A colleague and friend, John Dernbach
from Pennsylvania, asked me to post this
item to a number of Internet groups and lists seen
by folks in the environmental health community.
Professor Dernbach would like to stimulate
discussion in the environmental community
on the matter of gaps in regulation posed
by the different lists of chemicals in different
environmental media programs.
I'd suggest that citizens fighting particular,
site-specific pollution battles may be able
to use the analytical techniques posed in
the article to show that companies may
be taking advantage of these regulatory
gaps to foster cross-media pollution
transfers that create community environmental
problems instead of cleanups.
East Lansing, MI
asagady at sojourn.com
of article published at
21 HARVARD ENVIRONMENTAL LAW REVIEW 1 (1997)
THE UNFOCUSED REGULATION
OF TOXIC AND HAZARDOUS POLLUTANTS
John C. Dernbach, Associate Professor
Widener University Law School
3800 Vartan Way
Harrisburg, Pennsylvania 17106-9382
Phone: (717) 541-1933. Fax: (717) 541-3966
EMail: john.c.dernbach at law.widener.edu.
A. The Clean Air Act, Clean Water Act, Resource Conservation
and Recovery Act, Emergency Planning and Community
Right-to-Know Act (§ 313), and Occupational Safety and
Health Act each regulate a set of pollutants as toxic or
hazardous. Each set of pollutants is significantly different from the
--1,134 pollutants or classes of pollutants are regulated
under at least one of these five statutes. Only 49 are
regulated under all five. Almost 800 are regulated under only one.
--A total of 579 pollutants are regulated under at least one of
three statutes--the Clean Air Act, Clean Water Act, and
Resource Conservation and Recovery Act. Only 63 are regulated
under all three.
B. There is no coherent risk-based explanation for these differences.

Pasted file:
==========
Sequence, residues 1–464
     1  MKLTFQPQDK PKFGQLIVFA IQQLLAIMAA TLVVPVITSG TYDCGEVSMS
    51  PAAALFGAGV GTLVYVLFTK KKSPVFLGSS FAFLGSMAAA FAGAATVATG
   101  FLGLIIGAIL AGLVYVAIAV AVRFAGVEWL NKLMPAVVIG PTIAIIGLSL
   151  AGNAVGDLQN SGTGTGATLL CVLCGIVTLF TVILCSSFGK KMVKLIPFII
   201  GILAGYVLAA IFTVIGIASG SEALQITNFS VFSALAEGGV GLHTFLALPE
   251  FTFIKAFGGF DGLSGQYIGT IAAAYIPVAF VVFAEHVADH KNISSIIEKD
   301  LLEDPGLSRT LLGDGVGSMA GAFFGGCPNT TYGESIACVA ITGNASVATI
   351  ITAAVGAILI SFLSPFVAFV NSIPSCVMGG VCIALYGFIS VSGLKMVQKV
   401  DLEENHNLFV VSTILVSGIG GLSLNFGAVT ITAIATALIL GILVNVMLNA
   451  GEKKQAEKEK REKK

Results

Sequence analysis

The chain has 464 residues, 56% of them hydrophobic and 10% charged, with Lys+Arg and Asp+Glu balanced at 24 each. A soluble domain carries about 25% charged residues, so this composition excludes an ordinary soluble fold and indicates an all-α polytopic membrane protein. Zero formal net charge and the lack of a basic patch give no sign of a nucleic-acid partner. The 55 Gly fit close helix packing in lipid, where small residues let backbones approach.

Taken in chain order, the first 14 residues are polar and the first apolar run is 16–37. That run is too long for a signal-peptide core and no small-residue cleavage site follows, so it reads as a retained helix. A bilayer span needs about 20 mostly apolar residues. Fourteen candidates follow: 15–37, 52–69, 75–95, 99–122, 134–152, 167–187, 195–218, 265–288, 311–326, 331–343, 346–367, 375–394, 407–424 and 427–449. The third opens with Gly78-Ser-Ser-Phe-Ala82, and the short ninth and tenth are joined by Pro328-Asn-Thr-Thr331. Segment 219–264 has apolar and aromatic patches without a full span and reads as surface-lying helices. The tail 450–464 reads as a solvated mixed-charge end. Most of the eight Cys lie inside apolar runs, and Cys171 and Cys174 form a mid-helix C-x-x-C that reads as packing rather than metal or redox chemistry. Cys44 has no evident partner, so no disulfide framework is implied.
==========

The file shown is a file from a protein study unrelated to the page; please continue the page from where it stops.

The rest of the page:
The list development processes for each statute were conducted
independently, used different risk criteria, and in some cases
excluded chemicals presenting significant risks to keep the
regulatory program manageable or reduce costs to industry.
A. Inconsistent listing encourages companies to release pollutants
in environmental media (air, water, waste) where they are not
regulated. Companies regulated under the Clean Water Act
have reduced direct discharges of regulated pollutants to
waterways but increased releases of the same pollutants to
the air, according to national data.
B. Pollution prevention appears more likely where there is
little or no opportunity to release a pollutant into an unregulated
medium. Pollution prevention involves changes in the manufacturing
process that prevent pollutants from coming into existence.
The great majority of the 50 chemicals identified by EPA as
the top chemicals for pollution prevention in 1994 were
regulated under at least four of these programs.
C. Inconsistent listing indicates that the regulatory programs
adopted under these statutes are insufficiently protective and
impose unnecessary costs. They are insufficiently protective
because they regulate virtually all pollutants in some media but
not others, and because pollutants move from medium to medium
after they are released (for example, from air to water). Inconsistent
listing also means the costs of medium-specific pollution control
devices are not necessarily justified by the results achieved.
D. In addition, inconsistent listing means that the people
who live near or work in facilities cannot obtain a complete
understanding of the various chemicals released from or within
those facilities, or the risks they present. The Toxics Release
Inventory, which is the best source of multi-media release
information, doesn't solve that problem. Because it is based
on § 313 of the Emergency Planning Act, its list is different
from the others.
III. A FRAMEWORK FOR CHANGE
A. The data in the article provide considerable support for
pollution prevention as an alternative to controlling the release
of pollutants into individual media after they have been created.
B. To focus on the worst toxics and provide an opportunity for
learning how to conduct serious pollution prevention, Congress
should adopt a list of chemicals that are toxic in multiple media,
set substantial pollution prevention goals for those pollutants,
and provide incentives to industry for doing so. Over time, the
multi-media list should be expanded to other pollutants.
C. Public reporting under § 313 of the Emergency Planning Act
should be expanded to include most chemicals released from
facilities in amounts that exceed the current reporting threshold.
D. The proposal should reduce compliance costs as well as
increase protection for human health and the environment.